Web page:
Ben Pimlott, the author of Labour and the Left (1977) has argued: "The basic scheme of the Club was simple. For 2s 6d members received a Left Book of the Month, chosen by the Selection Committee - which consisted of Gollancz, John Strachey and Harold Laski. Left-wing books could be guaranteed a high circulation without risk to the publisher, while members received them at a greatly reduced rate." As Ruth Dudley Edwards, the author of Victor Gollancz: A Biography (1987), pointed out: "They were a formidable trio: Laski the academic theoretician; Strachey the gifted popularizer; and Victor the inspired publicist. All three had known a lifelong passion for politics and all had swung violently left in the early 1930s. Only Victor did not describe himself as completely Marxist, though he was objectively indistinguishable from the real article."
The first book, France To-day and the People's Front, by Maurice Thorez, the French Communist leader, was issued in May 1936. This was followed by other books that dealt with the struggle against fascism in Europe. This included books by Stafford Cripps (The Struggle for Peace, November 1936), Konni Zilliacus, The Road to War, April 1937), G.D.H. Cole, The People’s Front (July 1937), Robert A. Brady, The Spirit and Structure of German Fascism, September 1937), Richard Acland (Only One Battle, November 1937), H. N. Brailsford (Why Capitalism Means War, August 1938), Frederick Elwyn Jones (The Battle for Peace, August 1938) and Leonard Woolf (Barbarians at the Gate, November 1939).
The Left Book Club also published several books on the impact of the Great Depression. This included George Orwell (The Road to Wigan Pier, March 1937), G.D.H. Cole and Margaret Cole, The Condition of Britain (April 1937), Wal Hannington (The Problem of the Distressed Areas (November 1937) and Ellen Wilkinson (The Town that was Murdered, September 1939).
The Spanish Civil War was another subject that was well-covered by the Left Book Club. This included Harry Gannes and Theodore Repard (Spain in Revolt, December 1936), Geoffrey Cox (Defence of Madrid, March 1937), Hewlett Johnson (Report of a Religious Delegation to Spain, May 1937), Hubertus Friedrich Loewenstein, A Catholic in Republican Spain (November 1937), Arthur Koestler (Spanish Testament, December 1937) and Frank Jellinek (The Civil War in Spain, June 1938). However, Victor Gollancz rejected the idea of publishing Homage to Catalonia. In the book George Orwell attempted to expose the propaganda disseminated by newspapers in Britain. This included attacks on both the right-wing press and the Daily Worker, a paper controlled by the Communist Party of Great Britain. Although one of the best books ever written about war, it sold only 1,500 copies during the next twelve years.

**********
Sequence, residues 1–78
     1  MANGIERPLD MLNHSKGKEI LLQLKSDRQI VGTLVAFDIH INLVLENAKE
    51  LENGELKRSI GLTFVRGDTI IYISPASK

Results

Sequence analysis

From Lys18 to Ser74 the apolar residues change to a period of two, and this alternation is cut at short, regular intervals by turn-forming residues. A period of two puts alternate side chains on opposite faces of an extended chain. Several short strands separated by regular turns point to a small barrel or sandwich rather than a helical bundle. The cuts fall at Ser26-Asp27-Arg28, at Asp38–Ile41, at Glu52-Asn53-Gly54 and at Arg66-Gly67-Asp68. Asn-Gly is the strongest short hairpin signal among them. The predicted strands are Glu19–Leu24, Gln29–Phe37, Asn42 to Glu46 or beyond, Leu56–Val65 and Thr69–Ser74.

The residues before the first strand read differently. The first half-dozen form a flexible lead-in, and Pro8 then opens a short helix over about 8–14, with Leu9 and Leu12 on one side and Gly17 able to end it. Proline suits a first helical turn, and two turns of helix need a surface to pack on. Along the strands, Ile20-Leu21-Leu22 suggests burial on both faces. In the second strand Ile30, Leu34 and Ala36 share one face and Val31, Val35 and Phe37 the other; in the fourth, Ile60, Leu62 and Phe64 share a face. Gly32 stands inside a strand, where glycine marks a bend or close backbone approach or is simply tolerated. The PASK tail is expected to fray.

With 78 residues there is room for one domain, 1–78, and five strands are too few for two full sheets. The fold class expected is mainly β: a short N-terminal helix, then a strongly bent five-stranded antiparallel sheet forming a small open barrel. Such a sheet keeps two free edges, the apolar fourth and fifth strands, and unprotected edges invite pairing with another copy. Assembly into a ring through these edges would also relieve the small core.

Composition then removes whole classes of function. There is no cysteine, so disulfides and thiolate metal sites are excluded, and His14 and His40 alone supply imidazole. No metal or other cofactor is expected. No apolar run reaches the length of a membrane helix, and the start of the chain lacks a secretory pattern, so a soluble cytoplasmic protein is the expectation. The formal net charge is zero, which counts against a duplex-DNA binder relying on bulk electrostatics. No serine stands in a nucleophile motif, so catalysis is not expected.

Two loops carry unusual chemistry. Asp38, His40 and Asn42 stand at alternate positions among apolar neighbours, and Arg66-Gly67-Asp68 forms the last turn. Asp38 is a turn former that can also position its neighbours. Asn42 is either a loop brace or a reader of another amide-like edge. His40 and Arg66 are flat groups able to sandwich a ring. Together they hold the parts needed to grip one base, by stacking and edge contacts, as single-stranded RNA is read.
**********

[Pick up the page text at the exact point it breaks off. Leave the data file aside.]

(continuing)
Gollancz had hoped to recruit 10,000 members in the first year. In fact, he achieved over 45,000. By the end of the first year the Left Book Club had had 730 local discussion groups, and it estimated that these were attended by an average total of 12,000 people every fortnight. As Ben Pimlott pointed out: "In April 1937 Gollancz launched the Left Book Club Theatre Guild with a full-time organiser; nine months later 200 theatre groups had been established, and 45 had already performed plays. Sporting activities and recreations were also catered for."